Barring a last-minute injury, there is no pressing reason for Zimbabwe to change an XI that has variety and plenty of experience.
Zimbabwe (possible): 1 Chamu Chibhabha, 2 Brian Chari, 3 Hamilton Masakadza, 4 Craig Ervine, 5 Sikandar Raza, 6 Sean Williams, 7 PJ Moor (wk), 8 Graeme Cremer (c), 9 Donald Tiripano, 10 Tendai Chisoro, 11 Chris Mpofu.
Sri Lanka have tinkered with their line-up from match to match, though the top six has been quite settled. That’s likely to stay the same, while their allrounders provide them with medium pace and spin options to accompany the new-ball bowlers. Yet, given the conditions, Sri Lanka might want to bring in a specialist spinner on Sunday to take full advantage.
Sri Lanka (possible): 1 Dhanjaya de Silva, 2 Kusal Perera, 3 Niroshan Dickwella (wk), 4 Kusal Mendis, 5 Upul Tharanga (c), 6 Asela Gunaratne, 7 Shehan Jayasuriya, 8 Sachith Pathirana, 9 Nuwan Kulasekara, 10 Jeffrey Vandersay/Nuwan Pradeep, 11 Suranga Lakmal.
Pitch and conditions
The drizzle that was around almost all day on Friday turned into heavy rain overnight, and with several passing showers over the last week, Queens Sports Club has been soaked. That, along with the three completed matches played here over the last week, means that the track being used is likely to grip, play a little on the slow side and possibly bring spinners to the fore. The threat of bad weather will also make the toss important, with rain more likely in the afternoon.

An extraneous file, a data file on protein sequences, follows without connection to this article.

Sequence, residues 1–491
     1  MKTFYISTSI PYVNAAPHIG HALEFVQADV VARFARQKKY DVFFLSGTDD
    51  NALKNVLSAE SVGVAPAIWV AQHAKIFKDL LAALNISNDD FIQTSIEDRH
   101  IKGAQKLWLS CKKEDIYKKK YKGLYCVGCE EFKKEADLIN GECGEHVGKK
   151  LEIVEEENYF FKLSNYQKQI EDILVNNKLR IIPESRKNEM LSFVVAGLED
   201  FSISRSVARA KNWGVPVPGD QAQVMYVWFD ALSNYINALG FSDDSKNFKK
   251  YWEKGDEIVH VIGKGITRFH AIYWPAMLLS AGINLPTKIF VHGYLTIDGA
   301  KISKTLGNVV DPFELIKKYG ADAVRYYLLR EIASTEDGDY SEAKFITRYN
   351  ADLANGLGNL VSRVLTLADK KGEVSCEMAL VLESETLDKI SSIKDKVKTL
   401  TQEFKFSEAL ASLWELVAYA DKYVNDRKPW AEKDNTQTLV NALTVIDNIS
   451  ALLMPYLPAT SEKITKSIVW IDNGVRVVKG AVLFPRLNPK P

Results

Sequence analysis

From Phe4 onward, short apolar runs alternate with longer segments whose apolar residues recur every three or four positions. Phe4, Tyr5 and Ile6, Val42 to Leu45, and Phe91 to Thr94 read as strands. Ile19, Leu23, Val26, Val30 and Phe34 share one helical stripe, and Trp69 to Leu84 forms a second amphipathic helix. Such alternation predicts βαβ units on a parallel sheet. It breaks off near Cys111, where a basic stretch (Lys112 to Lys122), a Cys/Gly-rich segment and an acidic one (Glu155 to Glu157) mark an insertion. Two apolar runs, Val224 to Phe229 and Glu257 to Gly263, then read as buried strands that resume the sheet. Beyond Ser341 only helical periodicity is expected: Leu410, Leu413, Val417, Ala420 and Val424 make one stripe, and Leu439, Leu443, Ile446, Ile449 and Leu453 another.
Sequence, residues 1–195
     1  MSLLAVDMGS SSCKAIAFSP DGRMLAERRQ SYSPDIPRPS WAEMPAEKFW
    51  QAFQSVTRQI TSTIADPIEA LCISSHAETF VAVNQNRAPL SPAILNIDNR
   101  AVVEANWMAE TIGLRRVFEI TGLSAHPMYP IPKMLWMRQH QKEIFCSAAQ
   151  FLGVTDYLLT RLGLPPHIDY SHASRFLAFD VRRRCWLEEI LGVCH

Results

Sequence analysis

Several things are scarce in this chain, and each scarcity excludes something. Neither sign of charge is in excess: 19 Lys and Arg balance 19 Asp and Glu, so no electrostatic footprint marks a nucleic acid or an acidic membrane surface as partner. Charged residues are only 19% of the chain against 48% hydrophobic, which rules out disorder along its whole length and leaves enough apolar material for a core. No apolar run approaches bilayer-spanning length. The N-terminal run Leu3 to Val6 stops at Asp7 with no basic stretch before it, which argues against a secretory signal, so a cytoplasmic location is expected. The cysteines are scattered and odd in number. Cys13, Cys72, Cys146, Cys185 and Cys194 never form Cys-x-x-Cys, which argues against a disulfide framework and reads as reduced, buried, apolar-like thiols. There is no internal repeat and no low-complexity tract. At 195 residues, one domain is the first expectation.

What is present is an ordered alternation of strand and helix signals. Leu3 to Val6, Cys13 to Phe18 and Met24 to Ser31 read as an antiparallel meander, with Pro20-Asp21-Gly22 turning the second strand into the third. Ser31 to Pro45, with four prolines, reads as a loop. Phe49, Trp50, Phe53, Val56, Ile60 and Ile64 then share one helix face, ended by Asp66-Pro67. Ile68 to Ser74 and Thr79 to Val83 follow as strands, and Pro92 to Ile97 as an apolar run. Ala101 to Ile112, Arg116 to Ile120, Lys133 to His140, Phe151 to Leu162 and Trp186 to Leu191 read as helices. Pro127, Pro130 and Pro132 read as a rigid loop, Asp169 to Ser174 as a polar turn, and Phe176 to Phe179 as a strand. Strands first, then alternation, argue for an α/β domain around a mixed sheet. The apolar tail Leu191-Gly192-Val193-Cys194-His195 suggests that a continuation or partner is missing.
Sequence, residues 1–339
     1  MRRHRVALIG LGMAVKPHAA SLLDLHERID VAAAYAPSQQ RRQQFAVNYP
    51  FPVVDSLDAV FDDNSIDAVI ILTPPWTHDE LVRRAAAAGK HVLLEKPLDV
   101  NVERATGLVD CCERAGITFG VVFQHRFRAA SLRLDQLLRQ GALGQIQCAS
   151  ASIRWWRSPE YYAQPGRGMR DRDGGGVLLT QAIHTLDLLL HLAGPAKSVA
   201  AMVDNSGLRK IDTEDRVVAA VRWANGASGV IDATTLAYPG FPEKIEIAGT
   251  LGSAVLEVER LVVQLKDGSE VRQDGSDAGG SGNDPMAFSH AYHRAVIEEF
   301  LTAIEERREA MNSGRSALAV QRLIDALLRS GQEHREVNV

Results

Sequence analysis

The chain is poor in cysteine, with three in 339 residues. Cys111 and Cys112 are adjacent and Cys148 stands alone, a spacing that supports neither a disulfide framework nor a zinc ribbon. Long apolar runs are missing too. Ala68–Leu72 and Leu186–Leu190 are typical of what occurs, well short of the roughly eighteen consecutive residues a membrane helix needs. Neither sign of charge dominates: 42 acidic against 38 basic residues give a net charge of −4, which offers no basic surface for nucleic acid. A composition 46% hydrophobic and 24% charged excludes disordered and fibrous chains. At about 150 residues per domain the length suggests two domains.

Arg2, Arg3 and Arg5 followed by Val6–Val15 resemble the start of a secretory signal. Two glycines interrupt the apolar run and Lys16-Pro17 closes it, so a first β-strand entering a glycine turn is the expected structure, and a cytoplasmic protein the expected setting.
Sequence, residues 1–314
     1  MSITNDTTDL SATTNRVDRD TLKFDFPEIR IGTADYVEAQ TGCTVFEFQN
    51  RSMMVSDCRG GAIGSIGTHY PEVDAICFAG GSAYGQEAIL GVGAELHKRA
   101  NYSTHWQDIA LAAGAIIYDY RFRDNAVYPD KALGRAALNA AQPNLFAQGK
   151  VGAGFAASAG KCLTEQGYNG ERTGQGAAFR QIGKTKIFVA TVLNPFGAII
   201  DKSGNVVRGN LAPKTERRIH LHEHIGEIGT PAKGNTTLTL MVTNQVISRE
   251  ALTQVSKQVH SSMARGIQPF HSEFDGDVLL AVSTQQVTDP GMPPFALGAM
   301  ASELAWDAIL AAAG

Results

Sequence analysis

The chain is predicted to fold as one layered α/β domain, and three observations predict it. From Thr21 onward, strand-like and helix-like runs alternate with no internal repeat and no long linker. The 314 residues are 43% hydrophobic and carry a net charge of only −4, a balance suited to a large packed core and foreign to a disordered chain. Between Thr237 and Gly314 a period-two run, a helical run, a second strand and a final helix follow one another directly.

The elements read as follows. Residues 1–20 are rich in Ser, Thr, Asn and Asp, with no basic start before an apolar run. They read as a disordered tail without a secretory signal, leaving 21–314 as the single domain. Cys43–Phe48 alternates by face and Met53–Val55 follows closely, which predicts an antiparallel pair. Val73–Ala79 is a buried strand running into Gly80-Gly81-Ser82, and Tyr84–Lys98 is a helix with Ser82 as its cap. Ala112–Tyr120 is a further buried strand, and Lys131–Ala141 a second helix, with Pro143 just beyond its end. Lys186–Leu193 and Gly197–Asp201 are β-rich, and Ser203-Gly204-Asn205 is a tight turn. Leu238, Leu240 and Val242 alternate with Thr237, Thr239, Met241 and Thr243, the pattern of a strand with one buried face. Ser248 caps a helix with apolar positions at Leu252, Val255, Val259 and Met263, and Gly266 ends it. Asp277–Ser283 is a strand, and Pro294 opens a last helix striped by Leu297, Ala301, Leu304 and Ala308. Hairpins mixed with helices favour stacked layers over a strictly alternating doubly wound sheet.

Stats and trivia
- Hamilton Masakadza is the only batsman to have scored more than 1,000 ODI runs at Queens Sports Club. He passed that landmark during his innings on Friday, and now has 1,029 from 31 innings.
- This is the fifth tri-series to be hosted in Zimbabwe, the second time they have reached a tri-series final, and the first time a final has been hosted in Bulawayo. Zimbabwe have never won a tri-series at home.
- Kusal Mendis has hit the most sixes in this tri-series – six. He has scored his runs at a strike rate of 126.43.
- Zimbabwe’s left-arm spinners have been hard to put away this series. Tendai Chisoro has bowled 16 overs at an economy rate of 4.06, while Sean Williams has bowled 17 at 4.11.
“The last few weeks have been really good for us, and if we can continue that form, we can win the final. But, still, it is not going to be easy. We will have to do all the basic things quite correctly.”
Sri Lanka captain Upul Tharanga hopes his side can do the simple things well.
“We are very confident, the guys are up for it, and we want to take the momentum from the West Indies game into the final.”
Graeme Cremer’s Zimbabwe have momentum on their side after a couple of fighting performances.
Liam Brickhill is a freelance journalist based in Cape Town
© ESPN Sports Media Ltd.
Source: ESPN Crickinfo